Czech researchers have started looking for traces of the coronavirus in wastewater. A laboratory in Brno is currently testing samples from two dozen wastewater plants around the Czech Republic. The monitoring could be used to reveal the scale of a coronavirus outbreak and also as an early warning of fresh outbreaks.
Analysing wastewater is one way of tracking infectious diseases that are excreted by people in urine or faeces, including the new coronavirus, which causes the Covid-19 disease. Researchers around the world are currently tracing the SARS-Cov-2 virus in wastewater. Studies have already confirmed its presence in the Netherlands, the United States and Austria.
Here in the Czech Republic, the monitoring was launched by the Tomáš Garrigue Masaryk Water Research Institute in Brno in the second half of April. Věra Očenášková, who is a member of the research team, outlines its potential benefits.
“The monitoring can be useful for detecting the presence of the virus in the population. It has been shown that around 50 percent of the population who have Covid-19 have traces of SARS-Cov-2 in their excrements, which then enter the wastewater system, where it can be detected.
“The coronavirus is excreted by people who don’t yet show any of the typical symptoms of the disease, so it can actually be detected before the disease is confirmed. That’s why it could be used as an early warning of an approaching outbreak of the disease.”
Researchers are taking samples at twenty wastewater plants around the Czech Republic, which serve more than 700,000 people, to get as wide a picture as possible about the scale of the coronavirus outbreak. Věra Očenášková outlines more details of the monitoring:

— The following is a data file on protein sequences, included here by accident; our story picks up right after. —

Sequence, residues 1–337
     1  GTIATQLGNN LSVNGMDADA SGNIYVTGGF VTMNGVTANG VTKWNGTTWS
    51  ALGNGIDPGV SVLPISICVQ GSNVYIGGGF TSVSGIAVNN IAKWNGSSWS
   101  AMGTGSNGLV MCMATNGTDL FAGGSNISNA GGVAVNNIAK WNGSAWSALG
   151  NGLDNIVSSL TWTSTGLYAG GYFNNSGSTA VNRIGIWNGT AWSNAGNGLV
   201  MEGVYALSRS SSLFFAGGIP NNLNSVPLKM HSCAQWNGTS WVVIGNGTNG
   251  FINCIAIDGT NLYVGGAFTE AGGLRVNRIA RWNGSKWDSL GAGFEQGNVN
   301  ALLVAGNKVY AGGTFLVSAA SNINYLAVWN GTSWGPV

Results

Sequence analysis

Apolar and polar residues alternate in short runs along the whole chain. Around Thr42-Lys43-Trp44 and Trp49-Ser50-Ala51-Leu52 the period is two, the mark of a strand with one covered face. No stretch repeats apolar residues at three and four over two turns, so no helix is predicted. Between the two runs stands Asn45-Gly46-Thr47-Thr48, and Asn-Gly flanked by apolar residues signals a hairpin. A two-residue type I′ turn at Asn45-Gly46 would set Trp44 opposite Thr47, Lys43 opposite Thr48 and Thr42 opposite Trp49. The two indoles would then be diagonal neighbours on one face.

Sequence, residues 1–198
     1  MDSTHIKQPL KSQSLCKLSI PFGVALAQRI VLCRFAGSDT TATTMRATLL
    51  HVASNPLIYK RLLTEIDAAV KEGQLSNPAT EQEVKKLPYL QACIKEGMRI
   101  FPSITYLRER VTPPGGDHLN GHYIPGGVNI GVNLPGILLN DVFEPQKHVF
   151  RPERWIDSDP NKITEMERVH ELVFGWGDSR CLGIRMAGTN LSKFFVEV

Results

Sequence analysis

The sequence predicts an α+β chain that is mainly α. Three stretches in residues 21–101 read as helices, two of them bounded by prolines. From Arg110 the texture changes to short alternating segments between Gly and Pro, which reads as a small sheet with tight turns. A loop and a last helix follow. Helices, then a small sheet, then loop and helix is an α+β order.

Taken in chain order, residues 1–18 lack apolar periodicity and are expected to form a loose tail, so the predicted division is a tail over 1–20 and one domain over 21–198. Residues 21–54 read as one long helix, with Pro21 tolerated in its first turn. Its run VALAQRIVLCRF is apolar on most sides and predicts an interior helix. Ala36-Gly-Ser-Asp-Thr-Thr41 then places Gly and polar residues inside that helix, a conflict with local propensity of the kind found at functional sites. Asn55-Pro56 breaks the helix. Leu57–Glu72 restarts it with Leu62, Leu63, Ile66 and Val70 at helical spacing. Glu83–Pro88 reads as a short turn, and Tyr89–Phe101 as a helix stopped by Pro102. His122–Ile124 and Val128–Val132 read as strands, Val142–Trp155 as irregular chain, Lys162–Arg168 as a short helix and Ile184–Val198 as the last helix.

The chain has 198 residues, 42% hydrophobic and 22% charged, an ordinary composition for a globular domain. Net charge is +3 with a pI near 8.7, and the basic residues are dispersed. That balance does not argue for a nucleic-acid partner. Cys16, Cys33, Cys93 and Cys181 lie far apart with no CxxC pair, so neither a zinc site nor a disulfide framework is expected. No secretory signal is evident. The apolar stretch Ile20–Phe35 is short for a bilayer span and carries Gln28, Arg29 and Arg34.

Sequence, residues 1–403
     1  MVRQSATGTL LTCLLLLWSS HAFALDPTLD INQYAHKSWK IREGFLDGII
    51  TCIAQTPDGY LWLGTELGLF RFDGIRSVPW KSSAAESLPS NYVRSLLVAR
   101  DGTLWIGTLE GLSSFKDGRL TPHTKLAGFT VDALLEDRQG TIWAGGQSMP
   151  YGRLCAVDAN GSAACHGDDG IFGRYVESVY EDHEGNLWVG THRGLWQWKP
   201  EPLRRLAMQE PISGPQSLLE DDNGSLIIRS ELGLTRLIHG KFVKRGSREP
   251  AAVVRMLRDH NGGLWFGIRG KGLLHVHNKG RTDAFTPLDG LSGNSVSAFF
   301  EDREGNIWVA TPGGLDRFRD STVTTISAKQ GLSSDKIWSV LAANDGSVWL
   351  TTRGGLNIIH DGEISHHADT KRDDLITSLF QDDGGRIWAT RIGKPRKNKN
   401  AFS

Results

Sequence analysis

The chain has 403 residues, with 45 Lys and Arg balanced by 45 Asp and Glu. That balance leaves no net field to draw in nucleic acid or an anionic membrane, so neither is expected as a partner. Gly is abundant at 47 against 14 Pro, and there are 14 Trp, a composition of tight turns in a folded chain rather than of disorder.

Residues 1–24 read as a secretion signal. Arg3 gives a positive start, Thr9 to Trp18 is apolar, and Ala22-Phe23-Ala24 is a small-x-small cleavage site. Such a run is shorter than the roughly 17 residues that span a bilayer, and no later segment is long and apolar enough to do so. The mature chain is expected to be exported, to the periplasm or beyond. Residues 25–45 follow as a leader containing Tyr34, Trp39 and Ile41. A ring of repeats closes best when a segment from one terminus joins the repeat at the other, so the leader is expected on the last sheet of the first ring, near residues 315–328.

“We take samples of untreated waste water which have been collected at the plant over the past 24 hours and transport them to our laboratory for analysis.
“We are cooperating with the Veterinary Research Institute in Brno, who are using the RT-PCR method for detecting the presence of viruses in wastewater. They isolate and conserve the virus and then determine its presence in the samples.”
The research is expected to take six weeks and the results should be assessed by the end of May. However, preliminary results of the monitoring reveal that around ten percent of the samples show some traces of the coronavirus.
Věra Očenášková stresses that the presence of the virus in wastewater presents no danger of infection to the general population.
“There is no way for ordinary people to get in contact with wastewater. Moreover, we only identify the presence of the SARS-CoV-2 viral RNA, which confirms the presence of the virus, but doesn’t reveal whether it is alive or not, so there is really no need to worry.
“According to the World Health Organisation, the health risks from wastewater are minimal and there is no reason to worry about getting infected from this source.”